The floor of 2006 Cable-Tec Expo teemed with new products and technological partnerships. Here is but a smattering of what was new at this year's confab.
In an effort that takes corporate synergy to the channel bonding level, Cisco Systems and its Linksys and Scientific Atlanta divisions introduced a new "wideband" platform. The combo teams the Cisco flagship cable modem termination system (CMTS), with traditional QAM gear and a new range of consumer premises equipment from Scientific Atlanta and modems from Linksys.
The Cisco uBR10012 CMTS employs a shared port adapter that provides up to 1 Gbps wideband connectivity to the edge QAM. A new SPA Interface Processor carrier card on the CMTS can support up to two SPA modules.
Another component of the system, SA's Continuum DVP XDQA24 Edge QAM, can handle up to 24 downstream QAMs, and can support third-party QAMs, the companies said.
On the modem front, the platform will initially offer two models. The SA DPC2505 will bond up to three channels, putting it on target for pre-DOCSIS 3.0 developments. The Linksys WCM300, meanwhile, can bond up to eight channels, double the minimum that is being specified by the DOCSIS 3.0 specs. The companies also expect to add additional modem models to the Cisco wideband family.
Harmonic Inc. introduced the Narrowcast Services Gateway (NSG) 9000, its fourth-gen series of Edge QAM devices. The "IP-enabled" NSG 9000 can host up to 72 QAM channels in a two rack-unit chassis, the company said, noting that it is devised to support applications ranging from traditional video-on-demand, to switched digital broadcast, and network-based digital video recording. The new device is also designed to work with the DOCSIS 3.0-based modular CMTS (m-CMTS). The gear also supports "Privacy Mode" real-time encryption, which presently is outfitted to protect content distributed via Motorola-made digital cable headends and set-tops.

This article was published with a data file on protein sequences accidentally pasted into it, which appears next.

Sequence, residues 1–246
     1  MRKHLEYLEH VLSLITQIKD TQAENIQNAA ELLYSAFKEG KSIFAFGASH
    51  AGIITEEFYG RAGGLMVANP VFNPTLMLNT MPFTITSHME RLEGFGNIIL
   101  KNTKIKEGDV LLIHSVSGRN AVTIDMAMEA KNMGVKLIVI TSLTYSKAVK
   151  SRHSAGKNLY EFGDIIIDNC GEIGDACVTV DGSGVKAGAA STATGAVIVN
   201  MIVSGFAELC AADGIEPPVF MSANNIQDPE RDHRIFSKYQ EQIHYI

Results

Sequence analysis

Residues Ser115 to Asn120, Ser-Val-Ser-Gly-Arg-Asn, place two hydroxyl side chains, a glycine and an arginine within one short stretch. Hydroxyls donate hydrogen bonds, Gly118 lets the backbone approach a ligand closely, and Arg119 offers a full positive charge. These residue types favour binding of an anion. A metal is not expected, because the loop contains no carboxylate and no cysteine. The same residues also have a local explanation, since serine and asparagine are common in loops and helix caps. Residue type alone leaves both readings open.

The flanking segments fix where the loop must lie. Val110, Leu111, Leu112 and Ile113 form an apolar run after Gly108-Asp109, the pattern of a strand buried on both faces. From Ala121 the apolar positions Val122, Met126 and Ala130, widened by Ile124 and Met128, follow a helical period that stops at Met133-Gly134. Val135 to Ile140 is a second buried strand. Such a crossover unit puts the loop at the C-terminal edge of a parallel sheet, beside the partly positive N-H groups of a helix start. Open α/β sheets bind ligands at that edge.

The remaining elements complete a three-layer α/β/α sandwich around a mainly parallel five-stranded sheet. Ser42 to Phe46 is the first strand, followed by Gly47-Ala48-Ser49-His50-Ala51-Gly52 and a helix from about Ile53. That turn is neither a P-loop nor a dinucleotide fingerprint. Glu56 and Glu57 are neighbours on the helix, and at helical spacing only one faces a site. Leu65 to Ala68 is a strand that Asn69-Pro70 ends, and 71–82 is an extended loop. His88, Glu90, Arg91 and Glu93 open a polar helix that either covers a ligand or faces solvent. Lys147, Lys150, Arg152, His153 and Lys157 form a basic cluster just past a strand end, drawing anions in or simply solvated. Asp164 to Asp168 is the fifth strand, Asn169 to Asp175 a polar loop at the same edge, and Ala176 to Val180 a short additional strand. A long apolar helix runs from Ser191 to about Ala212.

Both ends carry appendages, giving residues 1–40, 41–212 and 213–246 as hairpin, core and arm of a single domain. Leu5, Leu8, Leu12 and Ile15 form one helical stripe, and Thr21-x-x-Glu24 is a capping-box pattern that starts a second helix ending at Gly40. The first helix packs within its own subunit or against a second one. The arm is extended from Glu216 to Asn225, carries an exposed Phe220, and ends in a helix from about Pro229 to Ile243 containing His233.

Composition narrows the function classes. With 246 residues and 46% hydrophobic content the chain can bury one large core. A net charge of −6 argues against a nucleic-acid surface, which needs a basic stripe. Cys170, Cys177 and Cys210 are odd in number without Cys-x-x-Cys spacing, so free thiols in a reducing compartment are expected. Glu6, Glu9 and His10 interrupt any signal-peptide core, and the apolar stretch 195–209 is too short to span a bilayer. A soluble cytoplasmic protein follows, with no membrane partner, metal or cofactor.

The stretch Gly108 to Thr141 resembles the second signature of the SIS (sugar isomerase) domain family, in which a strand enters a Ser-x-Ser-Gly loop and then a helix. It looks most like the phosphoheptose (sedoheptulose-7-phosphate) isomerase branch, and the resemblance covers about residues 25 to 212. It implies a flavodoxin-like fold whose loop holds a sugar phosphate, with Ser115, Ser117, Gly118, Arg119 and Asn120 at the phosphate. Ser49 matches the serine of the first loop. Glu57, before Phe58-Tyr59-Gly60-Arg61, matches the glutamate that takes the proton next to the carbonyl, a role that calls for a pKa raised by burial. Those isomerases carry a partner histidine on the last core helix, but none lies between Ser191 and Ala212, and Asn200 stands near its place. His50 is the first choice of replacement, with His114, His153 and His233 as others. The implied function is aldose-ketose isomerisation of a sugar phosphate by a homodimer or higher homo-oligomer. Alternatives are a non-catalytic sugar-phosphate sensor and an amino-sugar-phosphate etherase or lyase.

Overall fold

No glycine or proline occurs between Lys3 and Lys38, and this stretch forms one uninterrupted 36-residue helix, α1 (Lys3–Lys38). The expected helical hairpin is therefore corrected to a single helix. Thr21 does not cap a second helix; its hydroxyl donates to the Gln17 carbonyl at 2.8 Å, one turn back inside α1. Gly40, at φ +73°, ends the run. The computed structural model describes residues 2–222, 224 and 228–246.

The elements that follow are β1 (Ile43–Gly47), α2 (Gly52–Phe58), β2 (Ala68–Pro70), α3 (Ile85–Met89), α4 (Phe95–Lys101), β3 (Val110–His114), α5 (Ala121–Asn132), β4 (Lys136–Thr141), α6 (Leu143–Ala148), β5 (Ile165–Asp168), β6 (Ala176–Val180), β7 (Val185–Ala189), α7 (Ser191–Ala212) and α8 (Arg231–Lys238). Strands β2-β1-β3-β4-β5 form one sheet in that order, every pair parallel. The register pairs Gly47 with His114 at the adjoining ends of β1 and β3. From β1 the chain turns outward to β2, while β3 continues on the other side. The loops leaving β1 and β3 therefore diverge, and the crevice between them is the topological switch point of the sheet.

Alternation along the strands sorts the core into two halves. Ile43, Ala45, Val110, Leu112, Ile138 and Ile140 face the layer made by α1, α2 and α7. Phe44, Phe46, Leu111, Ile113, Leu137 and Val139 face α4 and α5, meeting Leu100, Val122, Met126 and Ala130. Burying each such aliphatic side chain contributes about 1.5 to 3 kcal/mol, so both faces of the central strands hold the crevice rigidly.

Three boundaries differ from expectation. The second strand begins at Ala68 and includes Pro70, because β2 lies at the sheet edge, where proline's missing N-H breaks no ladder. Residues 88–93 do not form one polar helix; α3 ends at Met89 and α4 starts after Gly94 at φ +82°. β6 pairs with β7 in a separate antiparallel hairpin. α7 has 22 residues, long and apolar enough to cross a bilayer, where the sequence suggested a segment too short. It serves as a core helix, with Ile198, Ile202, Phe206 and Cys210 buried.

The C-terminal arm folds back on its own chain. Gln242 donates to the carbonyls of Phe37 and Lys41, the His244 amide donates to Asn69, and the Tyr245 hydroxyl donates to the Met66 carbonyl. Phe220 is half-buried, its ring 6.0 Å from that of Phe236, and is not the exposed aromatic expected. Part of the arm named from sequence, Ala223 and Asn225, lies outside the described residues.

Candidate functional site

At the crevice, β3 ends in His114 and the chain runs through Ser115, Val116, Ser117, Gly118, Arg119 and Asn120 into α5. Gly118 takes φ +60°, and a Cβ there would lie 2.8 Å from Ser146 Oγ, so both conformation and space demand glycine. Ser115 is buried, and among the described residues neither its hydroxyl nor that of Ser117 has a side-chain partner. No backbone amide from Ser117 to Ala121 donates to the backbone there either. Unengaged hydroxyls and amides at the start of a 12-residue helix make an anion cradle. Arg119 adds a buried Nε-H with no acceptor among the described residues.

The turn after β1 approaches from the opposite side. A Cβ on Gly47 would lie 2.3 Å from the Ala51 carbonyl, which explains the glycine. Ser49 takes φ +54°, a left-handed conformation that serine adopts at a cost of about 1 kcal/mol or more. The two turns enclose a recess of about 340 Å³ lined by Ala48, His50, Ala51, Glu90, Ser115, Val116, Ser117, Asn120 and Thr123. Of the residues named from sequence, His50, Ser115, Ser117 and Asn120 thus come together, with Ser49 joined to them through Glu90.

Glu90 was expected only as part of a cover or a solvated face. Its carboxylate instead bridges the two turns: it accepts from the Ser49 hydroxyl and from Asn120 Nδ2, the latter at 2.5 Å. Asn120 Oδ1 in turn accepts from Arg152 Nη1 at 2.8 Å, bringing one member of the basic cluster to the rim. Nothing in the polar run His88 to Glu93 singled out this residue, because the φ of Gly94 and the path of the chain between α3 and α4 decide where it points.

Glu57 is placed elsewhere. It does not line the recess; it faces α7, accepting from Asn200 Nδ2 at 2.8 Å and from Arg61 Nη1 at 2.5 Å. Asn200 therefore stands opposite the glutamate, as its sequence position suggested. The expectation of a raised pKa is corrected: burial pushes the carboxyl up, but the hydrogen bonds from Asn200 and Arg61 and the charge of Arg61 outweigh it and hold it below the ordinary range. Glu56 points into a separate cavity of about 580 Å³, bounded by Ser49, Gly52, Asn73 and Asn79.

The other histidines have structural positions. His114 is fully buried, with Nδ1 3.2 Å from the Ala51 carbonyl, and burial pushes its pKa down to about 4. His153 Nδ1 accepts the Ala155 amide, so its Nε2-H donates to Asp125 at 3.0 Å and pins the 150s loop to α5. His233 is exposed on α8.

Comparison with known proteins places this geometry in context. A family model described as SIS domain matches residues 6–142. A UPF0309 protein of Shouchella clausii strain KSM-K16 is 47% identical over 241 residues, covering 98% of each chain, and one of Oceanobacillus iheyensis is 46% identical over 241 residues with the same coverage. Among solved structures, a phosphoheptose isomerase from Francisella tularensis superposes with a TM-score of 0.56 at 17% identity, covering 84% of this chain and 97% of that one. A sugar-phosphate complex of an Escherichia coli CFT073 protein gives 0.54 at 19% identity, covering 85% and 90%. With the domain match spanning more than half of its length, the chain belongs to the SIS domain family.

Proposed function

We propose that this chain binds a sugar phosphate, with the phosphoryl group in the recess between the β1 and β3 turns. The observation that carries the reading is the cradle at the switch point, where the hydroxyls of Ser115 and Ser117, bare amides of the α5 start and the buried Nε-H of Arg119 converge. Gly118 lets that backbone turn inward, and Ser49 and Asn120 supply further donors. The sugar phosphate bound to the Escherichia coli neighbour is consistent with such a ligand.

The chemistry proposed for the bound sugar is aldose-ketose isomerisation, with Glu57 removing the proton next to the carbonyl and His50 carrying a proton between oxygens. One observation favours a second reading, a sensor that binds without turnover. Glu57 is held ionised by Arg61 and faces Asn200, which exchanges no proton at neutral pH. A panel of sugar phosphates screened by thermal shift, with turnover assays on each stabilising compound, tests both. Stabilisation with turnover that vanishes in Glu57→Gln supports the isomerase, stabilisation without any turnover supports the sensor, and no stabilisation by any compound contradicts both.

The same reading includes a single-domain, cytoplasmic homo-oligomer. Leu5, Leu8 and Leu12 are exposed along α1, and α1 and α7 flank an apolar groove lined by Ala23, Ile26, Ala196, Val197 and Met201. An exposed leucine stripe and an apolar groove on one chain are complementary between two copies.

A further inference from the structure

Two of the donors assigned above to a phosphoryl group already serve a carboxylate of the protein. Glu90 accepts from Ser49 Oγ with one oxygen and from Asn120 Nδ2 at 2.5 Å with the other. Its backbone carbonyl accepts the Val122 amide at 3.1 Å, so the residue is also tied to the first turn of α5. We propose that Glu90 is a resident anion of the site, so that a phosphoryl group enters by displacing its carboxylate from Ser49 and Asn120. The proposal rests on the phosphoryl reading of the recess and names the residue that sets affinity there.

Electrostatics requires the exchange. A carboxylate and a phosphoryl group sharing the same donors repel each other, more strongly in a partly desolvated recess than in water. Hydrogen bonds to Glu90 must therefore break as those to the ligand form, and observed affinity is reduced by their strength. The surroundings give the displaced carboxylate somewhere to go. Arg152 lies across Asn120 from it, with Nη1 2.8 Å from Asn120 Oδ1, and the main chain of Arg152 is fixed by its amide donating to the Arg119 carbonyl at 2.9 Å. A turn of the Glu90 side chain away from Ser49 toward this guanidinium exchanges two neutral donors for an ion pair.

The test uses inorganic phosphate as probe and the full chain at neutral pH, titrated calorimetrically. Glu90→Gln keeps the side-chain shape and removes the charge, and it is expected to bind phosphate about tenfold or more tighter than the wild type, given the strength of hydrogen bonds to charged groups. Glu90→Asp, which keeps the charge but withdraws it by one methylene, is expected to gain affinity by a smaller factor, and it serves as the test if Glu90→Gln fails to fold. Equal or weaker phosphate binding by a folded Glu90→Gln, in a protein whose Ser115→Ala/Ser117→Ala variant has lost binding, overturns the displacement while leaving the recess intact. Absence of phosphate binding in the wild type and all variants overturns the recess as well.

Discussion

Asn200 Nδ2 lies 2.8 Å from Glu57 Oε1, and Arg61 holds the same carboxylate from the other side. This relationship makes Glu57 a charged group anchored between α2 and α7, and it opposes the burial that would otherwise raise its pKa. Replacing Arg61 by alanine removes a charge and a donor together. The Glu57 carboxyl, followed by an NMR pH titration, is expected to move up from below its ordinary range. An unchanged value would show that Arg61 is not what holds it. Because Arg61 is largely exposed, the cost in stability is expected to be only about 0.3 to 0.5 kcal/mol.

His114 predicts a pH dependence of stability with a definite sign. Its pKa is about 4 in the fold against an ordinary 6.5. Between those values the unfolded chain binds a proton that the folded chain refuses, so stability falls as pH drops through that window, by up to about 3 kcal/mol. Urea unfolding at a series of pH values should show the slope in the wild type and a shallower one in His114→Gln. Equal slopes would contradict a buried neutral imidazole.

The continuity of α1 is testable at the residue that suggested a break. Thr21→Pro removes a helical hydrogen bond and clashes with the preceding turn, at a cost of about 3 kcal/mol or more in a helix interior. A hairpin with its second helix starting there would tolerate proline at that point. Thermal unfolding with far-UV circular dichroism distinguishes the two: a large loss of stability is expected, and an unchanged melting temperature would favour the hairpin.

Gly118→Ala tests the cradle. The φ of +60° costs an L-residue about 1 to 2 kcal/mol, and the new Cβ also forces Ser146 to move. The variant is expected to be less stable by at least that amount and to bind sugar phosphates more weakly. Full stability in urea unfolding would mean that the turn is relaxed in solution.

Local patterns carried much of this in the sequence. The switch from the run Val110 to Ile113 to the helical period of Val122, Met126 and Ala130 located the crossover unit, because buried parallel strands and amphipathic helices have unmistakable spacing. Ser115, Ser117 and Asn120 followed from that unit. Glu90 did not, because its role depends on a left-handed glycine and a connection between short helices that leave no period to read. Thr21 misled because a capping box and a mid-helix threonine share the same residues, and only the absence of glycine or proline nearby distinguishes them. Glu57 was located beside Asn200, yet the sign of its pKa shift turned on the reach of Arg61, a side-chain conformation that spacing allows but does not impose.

SCTE, meanwhile, launched an interactive, Web-based job service. The SCTE Custom JobConnect service allows employers to post jobs online, search for qualified candidates based on specific job criteria, and create an online "resume agent" that sends daily e-mail alerts that list qualified candidates. The free service also allows job seekers to post their resumes and browse and view all available jobs. SCTE is offering the service at its Web site (www.scte.org).
SCTE also announced a new Digital Video Engineering Professional (DVEP) certification program whose scope includes the design, analysis, testing, integration, deployment considerations, and troubleshooting of a variety of digital video systems.
Although Denver is no longer considered the cable capital of the world, it did make for a decent draw. SCTE said the 2006 show welcomed 10,100 attendees, one percent better than the 2005 iteration in San Antonio. Exhibit space, which spanned 135,000 square feet, was sold out, and marked a four percent increase over last year's.
Looking ahead, the 2007 Cable-Tec Expo is set to run June 19-22 in Orlando, Fla. Nomi Bergman, the EVP of strategy/development for Advance/Newhouse Communications and 2004 Women in Technology Award winner, has agreed to chair next year's event and, as part of that role, will orchestrate the show's technical workshops. n